Angiotensin II

Angiotensin II is the biologically active component of the renin-angiotensin system. It acts on two receptor subtypes, AT1 and AT2. The physiological effects leading to vasoconstriction, retention of water and sodium, and release of aldosterone and vasopressin are mediated through the AT1 receptors.  The ATHOS-3 trial evaluated the effect of angiotensin II in patients with vasodilatory shock in a placebo-controlled randomized controlled trial. The primary endpoint was an increase in the mean arterial pressure by at least 10 mm Hg or to a minimum level of 75 mm Hg, without any increase in the background vasopressor dose at 3 h after commencement of infusion. A significantly higher number of patients achieved the target MAP compared to placebo. The mean improvement in the cardiovascular SOFA score was also significantly higher with angiotensin II.9 The data from this study led to the approval of angiotensin II in septic shock by the Food and Drug Administration in the USA and the European Medicines Agency’s (EMA) Committee for Medicinal Products for Human Use (CHMP).


The use of corticosteroids as adjunctive therapy in septic shock has captivated intensive care physicians for over five decades. The concept of corticosteroid insufficiency related to critical illness (CIRCI) has arisen more recently. CIRCI is based on the hypothesis that even maximal stimulation of the hypothalamic-pituitary-adrenal axis in disease states such as sepsis results in insufficient corticosteroid levels. Besides, there may be tissue resistance to corticosteroids in the presence of sepsis. The ADRENAL trial is the largest randomized controlled trial that compared hydrocortisone infusion at 200 mg/day to placebo in patients with septic shock. No difference was observed in the 90-d mortality, the primary outcome, for which the study was powered. However, hydrocortisone reduced the median time to shock resolution, the median time to initial discontinuation of mechanical ventilation, the median time to ICU discharge, and the requirement for blood transfusion.10 The APROCCHSS trial evaluated the efficacy of a combination of hydrocortisone and fludrocortisone in patients with septic shock. In contrast to ADRENAL, a statistically significant difference was observed in the 90-d mortality, which was the primary endpoint. The all-cause mortality at ICU and hospital discharge, and at 180 days, were also significantly lower among corticosteroid-treated patients. Earlier shock reversal was also observed; there were more patients alive and off vasopressor support at 28 days with corticosteroids.11 In light of the available evidence, it may be appropriate to consider the administration of corticosteroids in patients with refractory septic shock.

Methylene blue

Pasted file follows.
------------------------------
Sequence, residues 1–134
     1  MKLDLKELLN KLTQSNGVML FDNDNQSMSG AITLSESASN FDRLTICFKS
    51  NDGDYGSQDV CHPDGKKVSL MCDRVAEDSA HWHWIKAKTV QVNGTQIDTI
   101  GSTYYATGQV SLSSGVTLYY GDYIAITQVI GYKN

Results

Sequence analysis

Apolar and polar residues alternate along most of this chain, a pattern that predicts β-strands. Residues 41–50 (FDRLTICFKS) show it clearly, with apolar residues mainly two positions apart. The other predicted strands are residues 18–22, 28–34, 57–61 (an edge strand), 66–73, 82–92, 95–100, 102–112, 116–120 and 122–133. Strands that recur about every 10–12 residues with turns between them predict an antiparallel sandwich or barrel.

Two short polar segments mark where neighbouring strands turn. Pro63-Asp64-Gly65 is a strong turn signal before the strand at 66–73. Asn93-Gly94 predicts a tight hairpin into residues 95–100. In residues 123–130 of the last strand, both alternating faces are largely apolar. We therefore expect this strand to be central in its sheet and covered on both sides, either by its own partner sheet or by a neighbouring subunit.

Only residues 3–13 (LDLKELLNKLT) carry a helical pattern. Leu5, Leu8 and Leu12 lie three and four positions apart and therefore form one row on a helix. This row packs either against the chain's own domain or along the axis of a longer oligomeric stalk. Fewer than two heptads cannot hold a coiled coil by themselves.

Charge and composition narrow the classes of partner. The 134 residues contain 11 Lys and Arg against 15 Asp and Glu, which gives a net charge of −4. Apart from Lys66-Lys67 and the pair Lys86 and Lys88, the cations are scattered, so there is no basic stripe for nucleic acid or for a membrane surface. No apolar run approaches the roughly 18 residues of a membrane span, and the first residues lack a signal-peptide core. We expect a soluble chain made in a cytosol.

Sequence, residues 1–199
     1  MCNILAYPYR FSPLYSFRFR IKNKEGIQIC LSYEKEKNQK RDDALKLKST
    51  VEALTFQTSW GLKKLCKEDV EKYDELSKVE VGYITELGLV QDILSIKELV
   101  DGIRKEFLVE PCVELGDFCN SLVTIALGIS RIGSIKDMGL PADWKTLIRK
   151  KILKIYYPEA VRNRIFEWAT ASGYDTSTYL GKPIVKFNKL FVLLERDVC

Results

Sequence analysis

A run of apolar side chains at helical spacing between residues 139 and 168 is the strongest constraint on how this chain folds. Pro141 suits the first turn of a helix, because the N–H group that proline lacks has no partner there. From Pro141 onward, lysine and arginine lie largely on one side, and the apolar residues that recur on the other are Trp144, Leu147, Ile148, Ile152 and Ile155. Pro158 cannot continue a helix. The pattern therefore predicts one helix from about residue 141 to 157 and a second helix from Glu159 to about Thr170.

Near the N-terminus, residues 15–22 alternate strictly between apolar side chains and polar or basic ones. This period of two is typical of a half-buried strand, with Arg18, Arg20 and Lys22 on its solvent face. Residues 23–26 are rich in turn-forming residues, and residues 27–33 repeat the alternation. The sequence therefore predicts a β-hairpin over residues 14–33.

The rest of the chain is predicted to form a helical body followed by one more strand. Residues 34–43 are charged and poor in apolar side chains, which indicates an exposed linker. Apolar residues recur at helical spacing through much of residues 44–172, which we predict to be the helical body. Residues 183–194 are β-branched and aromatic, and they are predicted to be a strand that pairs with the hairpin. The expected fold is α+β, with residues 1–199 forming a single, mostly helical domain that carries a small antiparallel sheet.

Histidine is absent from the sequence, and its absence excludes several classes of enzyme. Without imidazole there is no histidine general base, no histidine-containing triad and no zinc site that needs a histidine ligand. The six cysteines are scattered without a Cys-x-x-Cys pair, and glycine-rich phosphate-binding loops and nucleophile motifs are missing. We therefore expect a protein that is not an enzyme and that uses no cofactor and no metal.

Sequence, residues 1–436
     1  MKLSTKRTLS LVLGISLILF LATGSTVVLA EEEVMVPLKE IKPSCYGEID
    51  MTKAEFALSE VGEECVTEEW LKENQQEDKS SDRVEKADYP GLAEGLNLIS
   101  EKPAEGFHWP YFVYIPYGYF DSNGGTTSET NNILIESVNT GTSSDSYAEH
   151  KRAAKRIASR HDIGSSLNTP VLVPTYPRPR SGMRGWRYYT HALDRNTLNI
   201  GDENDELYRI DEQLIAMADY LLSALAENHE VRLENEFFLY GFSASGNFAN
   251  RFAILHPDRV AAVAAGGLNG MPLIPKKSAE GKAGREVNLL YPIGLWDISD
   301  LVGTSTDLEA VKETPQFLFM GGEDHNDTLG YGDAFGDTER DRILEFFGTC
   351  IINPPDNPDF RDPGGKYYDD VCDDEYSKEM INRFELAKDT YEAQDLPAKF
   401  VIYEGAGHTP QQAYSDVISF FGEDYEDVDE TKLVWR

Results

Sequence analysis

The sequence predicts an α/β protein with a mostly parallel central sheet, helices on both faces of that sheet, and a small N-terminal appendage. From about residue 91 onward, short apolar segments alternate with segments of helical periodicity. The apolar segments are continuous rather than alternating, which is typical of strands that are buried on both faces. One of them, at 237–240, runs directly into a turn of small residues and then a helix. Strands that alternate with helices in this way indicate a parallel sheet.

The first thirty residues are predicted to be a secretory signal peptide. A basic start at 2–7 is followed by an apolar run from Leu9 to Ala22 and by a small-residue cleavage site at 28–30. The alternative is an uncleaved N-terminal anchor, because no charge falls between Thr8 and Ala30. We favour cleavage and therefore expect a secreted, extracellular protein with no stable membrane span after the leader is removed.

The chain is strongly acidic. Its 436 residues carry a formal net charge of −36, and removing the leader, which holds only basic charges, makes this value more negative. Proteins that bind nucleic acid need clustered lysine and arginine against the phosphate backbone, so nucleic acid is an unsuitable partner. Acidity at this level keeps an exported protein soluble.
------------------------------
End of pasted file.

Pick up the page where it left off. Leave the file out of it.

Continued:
Vasodilatory shock is mediated by excessive production of nitric oxide (NO) and cyclic GMP. Methylene blue inhibits the effects of endothelial NO and may act as a NO scavenger, thereby offsetting its vasodilator effect. Thus, it may be useful in clinical states characterized by extreme vasodilation, including post-cardiopulmonary bypass, septic shock, drug toxicity, and anaphylactic reactions. In a systematic review of mostly observational studies, Kwok et al. observed that methylene blue resulted in an increase in the systemic vascular resistance and the mean arterial pressure with a decrease in the requirement for vasopressors.12 However, there is no robust evidence from controlled studies that support its clinical efficacy in septic shock. 

Vitamins for circulatory support

Vitamin C (ascorbic acid) is a cofactor for the enzymes required for the synthesis of endogenous vasopressin and noradrenaline. A relative or absolute deficiency of Vitamin C may exist in septic patients, resulting in depletion of endogenous noradrenaline and vasopressin. Besides, vitamin C is a powerful antioxidant end effectively scavenges oxygen free radicals and replenishes cellular antioxidants. Thiamine (vitamin B1) is a cofactor for the enzyme pyruvate dehydrogenase that converts pyruvate to acetyl-coA and entry in to the Kreb’s cycle. If thiamine levels are deficient, conversion of pyruvate to acetyl-coA does not occur, with shift to anerobic metabolism and an increase in the lactate levels. Thiamine deficiency is common in septic patients and may lead to increased mortality.13 Marik et al. conducted a retrospective, before-after study to evaluate the effect of a combination of vitamin 1.5 g 6 hourly, hydrocortisone 50 mg 6 hourly, and thiamine 200 mg twice daily among patients with severe sepsis or septic shock. The hospital mortality was significantly lower with this combination compared to a historical control group. The mean duration of vasopressor therapy and the requirement for renal replacement therapy was also significantly lower in the treatment group. A multicentre, randomized controlled trial is currently recruiting patients to evaluate the efficacy of this cocktail in patients with septic shock.14